Whakatau

Whakatau - Semester 2

Join us for the Semester 1 2019 official welcome ceremony for all students and staff.

Whakatau dates:

25 Feb 9.30am Close View City Campus Whakatau
When
Start/End 25th Feb 2019 9:30am-10:30am Duration 1 hour  Location City campus
(Whareora/North Green)
Note: dependent on weather
Pricing

Free

Share

Join us for the official 2019 welcome for all Ara students and staff. Whakatau is an opportunity to pause at the beginning of the year, to bring everyone together in a meaningful way to say hello and welcome, and to commit to doing our very best over the course of the year to help each other through successfully and together.

 
For more information

Phone: 0800 24 24 76 

Email: info@ara.ac.nz

See the full event page
27 Feb 9.30am Close View Timaru Campus Whakatau
Whakatau
When
Start/End 27th Feb 2019 9:30am-10:30am Duration 1 hour  Location Timaru campus
Te Whare Poutama/Gym
Pricing

Free

Share

Join us for the official 2019 welcome for all Ara students and staff. Whakatau is an opportunity to pause at the beginning of the year, to bring everyone together in a meaningful way to say hello and welcome, and to commit to doing our very best over the course of the year to help each other through successfully and together.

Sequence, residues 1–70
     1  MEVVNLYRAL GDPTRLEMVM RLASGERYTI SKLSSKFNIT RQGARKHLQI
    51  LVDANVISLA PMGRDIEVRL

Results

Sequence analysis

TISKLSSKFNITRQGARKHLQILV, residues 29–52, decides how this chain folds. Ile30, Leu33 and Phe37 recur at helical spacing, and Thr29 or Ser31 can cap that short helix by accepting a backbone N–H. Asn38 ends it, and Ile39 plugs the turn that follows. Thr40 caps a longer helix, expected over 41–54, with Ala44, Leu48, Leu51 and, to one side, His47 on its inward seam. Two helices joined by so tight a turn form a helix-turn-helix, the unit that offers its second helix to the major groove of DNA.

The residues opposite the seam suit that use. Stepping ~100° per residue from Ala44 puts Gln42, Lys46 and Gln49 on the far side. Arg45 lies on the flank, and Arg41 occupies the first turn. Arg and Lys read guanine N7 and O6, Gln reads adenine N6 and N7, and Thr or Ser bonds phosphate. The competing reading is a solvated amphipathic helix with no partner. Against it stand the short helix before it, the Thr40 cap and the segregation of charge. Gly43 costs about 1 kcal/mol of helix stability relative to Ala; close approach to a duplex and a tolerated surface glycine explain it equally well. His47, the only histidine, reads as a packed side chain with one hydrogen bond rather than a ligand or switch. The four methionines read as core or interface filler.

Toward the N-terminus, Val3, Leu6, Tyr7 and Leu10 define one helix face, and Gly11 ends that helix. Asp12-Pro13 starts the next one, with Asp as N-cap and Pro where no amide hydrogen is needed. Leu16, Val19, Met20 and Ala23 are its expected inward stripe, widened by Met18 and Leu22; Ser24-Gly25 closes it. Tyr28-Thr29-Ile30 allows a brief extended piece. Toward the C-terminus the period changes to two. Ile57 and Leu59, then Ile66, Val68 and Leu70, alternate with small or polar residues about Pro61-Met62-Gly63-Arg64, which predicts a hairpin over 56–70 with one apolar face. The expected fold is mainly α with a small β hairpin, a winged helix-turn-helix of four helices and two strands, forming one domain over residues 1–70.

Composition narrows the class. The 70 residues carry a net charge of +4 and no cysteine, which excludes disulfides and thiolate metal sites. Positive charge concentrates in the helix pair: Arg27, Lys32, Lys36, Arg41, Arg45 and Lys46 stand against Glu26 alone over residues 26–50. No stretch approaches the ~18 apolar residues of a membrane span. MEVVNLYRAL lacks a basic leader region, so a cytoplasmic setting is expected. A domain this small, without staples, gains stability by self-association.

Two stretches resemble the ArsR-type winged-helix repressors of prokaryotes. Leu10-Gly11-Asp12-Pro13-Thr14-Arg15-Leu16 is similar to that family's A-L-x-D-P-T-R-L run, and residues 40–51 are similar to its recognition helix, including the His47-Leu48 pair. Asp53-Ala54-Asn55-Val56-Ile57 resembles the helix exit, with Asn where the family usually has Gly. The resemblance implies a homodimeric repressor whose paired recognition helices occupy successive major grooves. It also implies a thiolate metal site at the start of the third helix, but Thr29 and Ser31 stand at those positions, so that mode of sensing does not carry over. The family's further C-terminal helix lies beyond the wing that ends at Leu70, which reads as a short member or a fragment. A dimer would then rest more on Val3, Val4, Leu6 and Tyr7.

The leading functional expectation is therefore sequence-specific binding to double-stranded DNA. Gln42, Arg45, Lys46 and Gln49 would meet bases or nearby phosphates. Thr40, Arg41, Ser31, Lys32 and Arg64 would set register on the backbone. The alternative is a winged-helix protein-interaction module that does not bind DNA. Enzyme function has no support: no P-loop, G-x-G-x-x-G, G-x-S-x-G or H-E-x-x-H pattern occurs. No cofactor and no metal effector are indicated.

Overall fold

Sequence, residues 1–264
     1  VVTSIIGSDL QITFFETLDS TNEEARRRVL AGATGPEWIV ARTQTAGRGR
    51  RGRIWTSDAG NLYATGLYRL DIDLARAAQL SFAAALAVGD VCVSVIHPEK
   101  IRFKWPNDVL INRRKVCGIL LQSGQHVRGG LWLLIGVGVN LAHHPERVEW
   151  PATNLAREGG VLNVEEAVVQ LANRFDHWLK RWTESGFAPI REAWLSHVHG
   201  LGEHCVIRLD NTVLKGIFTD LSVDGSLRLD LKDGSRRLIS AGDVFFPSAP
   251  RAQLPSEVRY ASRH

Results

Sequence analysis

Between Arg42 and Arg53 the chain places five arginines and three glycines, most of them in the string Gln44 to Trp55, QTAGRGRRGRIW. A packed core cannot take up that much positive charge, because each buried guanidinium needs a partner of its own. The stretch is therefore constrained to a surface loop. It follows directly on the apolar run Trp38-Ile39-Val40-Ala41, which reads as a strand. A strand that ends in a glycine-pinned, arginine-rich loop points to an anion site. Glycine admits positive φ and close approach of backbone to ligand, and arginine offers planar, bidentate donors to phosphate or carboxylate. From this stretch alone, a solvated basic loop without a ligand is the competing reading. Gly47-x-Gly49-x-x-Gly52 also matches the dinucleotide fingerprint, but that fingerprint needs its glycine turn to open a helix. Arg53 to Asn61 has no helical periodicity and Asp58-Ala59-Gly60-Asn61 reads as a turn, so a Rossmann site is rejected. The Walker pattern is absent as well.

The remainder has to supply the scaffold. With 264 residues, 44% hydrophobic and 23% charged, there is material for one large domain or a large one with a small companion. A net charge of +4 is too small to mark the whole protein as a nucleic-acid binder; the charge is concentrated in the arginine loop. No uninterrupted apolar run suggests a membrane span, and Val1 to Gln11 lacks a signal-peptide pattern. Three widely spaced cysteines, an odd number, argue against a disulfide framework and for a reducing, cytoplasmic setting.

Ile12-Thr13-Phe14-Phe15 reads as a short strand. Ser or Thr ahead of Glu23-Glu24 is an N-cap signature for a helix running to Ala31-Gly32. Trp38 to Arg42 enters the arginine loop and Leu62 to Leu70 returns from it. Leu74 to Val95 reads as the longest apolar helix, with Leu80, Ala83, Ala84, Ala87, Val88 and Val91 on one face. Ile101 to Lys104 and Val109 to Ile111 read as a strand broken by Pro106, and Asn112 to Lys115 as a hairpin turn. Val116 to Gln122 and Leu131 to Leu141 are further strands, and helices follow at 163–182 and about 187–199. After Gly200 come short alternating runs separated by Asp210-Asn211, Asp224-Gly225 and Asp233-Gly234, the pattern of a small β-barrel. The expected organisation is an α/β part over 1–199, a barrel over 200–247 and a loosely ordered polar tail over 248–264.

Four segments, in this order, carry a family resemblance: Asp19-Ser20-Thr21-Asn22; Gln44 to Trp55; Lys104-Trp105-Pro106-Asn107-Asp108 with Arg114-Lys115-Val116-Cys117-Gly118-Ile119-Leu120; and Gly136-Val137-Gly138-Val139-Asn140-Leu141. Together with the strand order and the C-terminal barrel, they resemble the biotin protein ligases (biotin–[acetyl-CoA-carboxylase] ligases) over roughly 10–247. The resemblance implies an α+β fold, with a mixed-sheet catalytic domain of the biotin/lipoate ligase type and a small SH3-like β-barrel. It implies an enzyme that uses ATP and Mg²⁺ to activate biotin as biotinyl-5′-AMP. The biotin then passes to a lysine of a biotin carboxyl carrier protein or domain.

For more information

Phone: 0800 24 24 76 

Email: info@ara.ac.nz

See the full event page

What is a whakatau?

A whakatau is a form of welcome ceremony that can be similar to a pōwhiri (with karanga and haka) but it can also be undertaken with a single speaker and a song. Here in Christchurch, the local hapū (Ngāi Tūāhuriri) has let us know that pōwhiri are only to take place on the marae, and that it will therefore be appropriate for Ara to undertake whakatau only. The ceremony begins in te reo (the Māori language) and concludes in English.

From time to time, our whakatau also include karanga (the female call that begins the ceremony) and haka (chanting) from the ‘home side’. Those being welcomed will have a spokesperson and that there will be a waiata (song) to support them after they have concluded. Following the speeches, those being welcomed (manuhiri) are invited to come forward and hongi (press noses) with the welcoming party, which is the traditional form of greeting each other in Māori society. The final act of the whakatau is to share some kai (food) and thus lift any tapu (sacrosanct) aspects that have been part of the prior formalities.